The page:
Background Little is known about the withdrawal of NIV at the request of a patient. The NICE guidance on the use of NIV in MND (2010) identifies the lack of any clarity in how this process should be managed. NICE specifically suggests interviewing the professionals involved as a focus of research.
Aims To explore the ethical issues that arise for doctors who have been involved in the withdrawal of NIV at the request of a patient with MND.
Methods A retrospective qualitative interview study of 20 Doctors including specialists in palliative care, respiratory, neurology and general practice.
Results Participants were clear that patients have the right to withdrawal from treatment and it would be unethical to continue treatment. Despite this clarity, withdrawal of NIV where the result will be death in a short timescale, can feel challenging. In such cases doctors may feel the need for a second opinion and affirmation that withdrawal of ventilation is ethically sound.
The challenge is augmented by the need for the doctor to spend considerable time discussing the ethics of each case with colleagues and family members. Even when doctors feel the ethics are clear there can be an underlying fear that colleagues and the public will not see it this way, and a fear that they will be seen as assisting death. Many doctors had experienced disagreement from colleagues who felt that assisting patients in their request and managing the consequent symptoms, was unethical.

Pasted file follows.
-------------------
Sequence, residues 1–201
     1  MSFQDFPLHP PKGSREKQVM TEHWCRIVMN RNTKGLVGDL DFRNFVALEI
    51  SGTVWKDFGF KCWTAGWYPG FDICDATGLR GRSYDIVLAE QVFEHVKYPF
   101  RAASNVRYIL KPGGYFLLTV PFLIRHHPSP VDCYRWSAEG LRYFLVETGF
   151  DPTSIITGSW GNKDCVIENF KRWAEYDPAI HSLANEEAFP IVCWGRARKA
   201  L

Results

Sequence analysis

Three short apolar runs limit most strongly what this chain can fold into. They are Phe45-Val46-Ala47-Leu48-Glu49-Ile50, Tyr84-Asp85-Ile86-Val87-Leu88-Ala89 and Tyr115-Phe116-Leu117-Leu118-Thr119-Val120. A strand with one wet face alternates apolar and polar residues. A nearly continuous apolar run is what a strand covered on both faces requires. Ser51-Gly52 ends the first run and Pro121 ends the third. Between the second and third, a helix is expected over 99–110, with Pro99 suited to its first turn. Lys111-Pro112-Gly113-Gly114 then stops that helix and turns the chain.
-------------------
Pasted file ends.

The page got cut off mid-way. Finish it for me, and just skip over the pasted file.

Conclusions Though the ethics of withdrawal of treatment at the patient's request are clear, in a situation where the result will be immediate death it feels ethically challenging for many doctors. Open ethical discussions of these situations and written guidance on the ethics of withdrawal of NIV in MND would alleviate many doctors fears.
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